Kansas profile: 'You don't know jack'
null“You don’t know jack.”
That sounds like something a teenager might say, but in this case, I did get to know Jack. What’s more, I got to know the three creative women who are with Jack. They are utilizing his story to promote their business and their community, and having a lot of fun in the process.
Sisters Marsha Hoagland, Diane Johnson and Rhonda Gabriel are the owners of Red Dirt Jack’s in Medicine Lodge. Red Dirt Jack’s is a gas station, convenience store and more.
These three women and a fourth sister, Kim Fowles, are the Hoagland sisters. They were raised on the family ranch in western Barber County. “We call it red dirt country,” Marsha said. The ranch is near the unincorporated rural community of Lake City which today has a population of perhaps 20 people. Now, that’s rural.
They grew up here, went to school in Medicine Lodge and on to college. Marsha went to Wichita State and had a career in finance. Her husband’s family owned a convenience store in Oklahoma for many years.
Diane became a dental hygienist in Wichita. She and her husband retired to Medicine Lodge in 2016.
Rhonda went to K-State. After her husband passed away, she recently remarried.
After many years, the sisters are all back in Medicine Lodge. In January 2020, they had an opportunity to buy the local convenience store. “This was just a dowdy little place,” Marsha said. These three sisters went together to buy it and worked on upgrading it. Then they had to decide what to name the store.
Years ago, Rhonda had been at a charity auction where she purchased a stuffed donkey that was the size of a large dog. She nicknamed it Jack. What does one do with a large stuffed donkey? “I tried giving him away, but somehow he kept finding his way back,” Rhonda said.
As the sisters discussed what to name the store, their cousin suggested they name it for Jack. Because of the location in red dirt country, they named it Red Dirt Jack’s. Jack became the mascot for the business.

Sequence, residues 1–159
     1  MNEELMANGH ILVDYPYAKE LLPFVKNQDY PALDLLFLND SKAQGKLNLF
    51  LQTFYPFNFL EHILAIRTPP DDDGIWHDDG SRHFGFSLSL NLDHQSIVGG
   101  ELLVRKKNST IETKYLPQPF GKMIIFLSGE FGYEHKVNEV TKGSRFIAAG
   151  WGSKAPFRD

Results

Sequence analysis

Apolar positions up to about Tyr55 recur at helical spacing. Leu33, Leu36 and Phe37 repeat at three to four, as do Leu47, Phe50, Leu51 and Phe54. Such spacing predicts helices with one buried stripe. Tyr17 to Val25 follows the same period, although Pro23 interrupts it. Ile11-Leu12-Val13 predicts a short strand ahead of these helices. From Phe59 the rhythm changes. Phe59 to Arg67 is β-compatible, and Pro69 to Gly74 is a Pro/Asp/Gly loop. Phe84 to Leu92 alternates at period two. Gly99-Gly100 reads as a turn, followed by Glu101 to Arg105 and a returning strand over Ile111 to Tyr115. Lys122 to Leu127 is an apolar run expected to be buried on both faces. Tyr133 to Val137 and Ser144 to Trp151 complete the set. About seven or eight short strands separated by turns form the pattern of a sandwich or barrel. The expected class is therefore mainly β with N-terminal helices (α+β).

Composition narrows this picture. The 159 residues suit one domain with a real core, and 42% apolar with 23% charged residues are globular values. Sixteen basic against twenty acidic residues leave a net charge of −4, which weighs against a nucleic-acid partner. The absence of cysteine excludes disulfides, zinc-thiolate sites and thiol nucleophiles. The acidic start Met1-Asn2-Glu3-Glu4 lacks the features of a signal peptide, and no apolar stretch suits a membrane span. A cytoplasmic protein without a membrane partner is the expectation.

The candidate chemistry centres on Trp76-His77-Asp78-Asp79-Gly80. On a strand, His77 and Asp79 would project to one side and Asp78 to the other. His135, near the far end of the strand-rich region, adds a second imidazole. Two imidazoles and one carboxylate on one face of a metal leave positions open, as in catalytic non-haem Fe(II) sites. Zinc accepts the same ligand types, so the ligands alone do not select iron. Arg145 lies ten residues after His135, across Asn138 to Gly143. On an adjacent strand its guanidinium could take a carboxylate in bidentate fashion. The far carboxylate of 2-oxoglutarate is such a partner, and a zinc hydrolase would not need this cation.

The sisters took Jack with them on a trip to Utah and had a lot of fun en route. “By the time we got to Lakin, Kan., Jack had his own Facebook page,” Marsha said.
Jack continues to post on social media and has become quite the celebrity. He has his own wardrobe, appeared in wedding photos and parades, and traveled as far away as Florida. On the first day of school at Medicine Lodge, he was pictured in his backpack at the school crosswalk. He waits patiently at the store and is available for photos.
Someone said that this was a genius marketing ploy. “No, it was a fluke,” Marsha said with a smile.
While the sisters have a lot of fun with Jack, they have significantly upgraded the store. That was no fluke. They refurbished the building, added an industrial kitchen, cleared a lot next door for parking, doubled the cooler space and added a deli and more food options. There are salads and made-to-order sandwiches and small booths for sitting.
“We are not a restaurant; we are a gas station with food,” Marsha said. Their daily lunch specials have become very popular. “We use our grandma’s recipe for meat loaf,” she said.
Their Monday Chinese food special can have people waiting in line outside the door. Other specials include homemade lasagna, pulled pork, spaghetti, patty melts and half-pound hand-patted cheeseburgers.
What has all this meant to the community? “There was no gathering place in town,” Diane said. “Maybe this community needed Jack.” Customers have told them how much they appreciate the sisters.
“We love Barber County,” Marsha said. “We are part of the community and we want to give back.”
For more information, find Red Dirt Jack’s on Facebook.
“You don’t know jack.” Well, now you do. We commend Marsha Hoagland, Diane Johnson and Rhonda Gabriel for making a difference by investing in their community and serving their customers with excellence - and, with Jack.
— Ron Wilson is director of the Huck Boyd National Institute for Rural Development at Kansas State University. The mission of the Huck Boyd National Institute for Rural Development is to enhance rural development by helping rural people help themselves. The Kansas Profile radio series and columns are produced with assistance from the K-State Research and Extension Department of Communications News Media Services unit.